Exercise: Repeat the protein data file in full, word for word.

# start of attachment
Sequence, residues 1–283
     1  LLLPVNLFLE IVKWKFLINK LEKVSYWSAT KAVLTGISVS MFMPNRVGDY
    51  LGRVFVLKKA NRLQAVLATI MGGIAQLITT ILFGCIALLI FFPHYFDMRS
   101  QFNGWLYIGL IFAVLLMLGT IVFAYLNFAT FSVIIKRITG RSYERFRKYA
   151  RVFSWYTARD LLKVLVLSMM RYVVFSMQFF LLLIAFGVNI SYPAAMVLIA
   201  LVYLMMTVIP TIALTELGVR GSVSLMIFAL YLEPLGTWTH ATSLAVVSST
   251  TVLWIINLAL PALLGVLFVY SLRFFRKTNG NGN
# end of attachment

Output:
Sequence, residues 1–283
     1  LLLPVNLFLE IVKWKFLINK LEKVSYWSAT KAVLTGISVS MFMPNRVGDY
    51  LGRVFVLKKA NRLQAVLATI MGGIAQLITT ILFGCIALLI FFPHYFDMRS
   101  QFNGWLYIGL IFAVLLMLGT IVFAYLNFAT FSVIIKRITG RSYERFRKYA
   151  RVFSWYTARD LLKVLVLSMM RYVVFSMQFF LLLIAFGVNI SYPAAMVLIA
   201  LVYLMMTVIP TIALTELGVR GSVSLMIFAL YLEPLGTWTH ATSLAVVSST
   251  TVLWIINLAL PALLGVLFVY SLRFFRKTNG NGN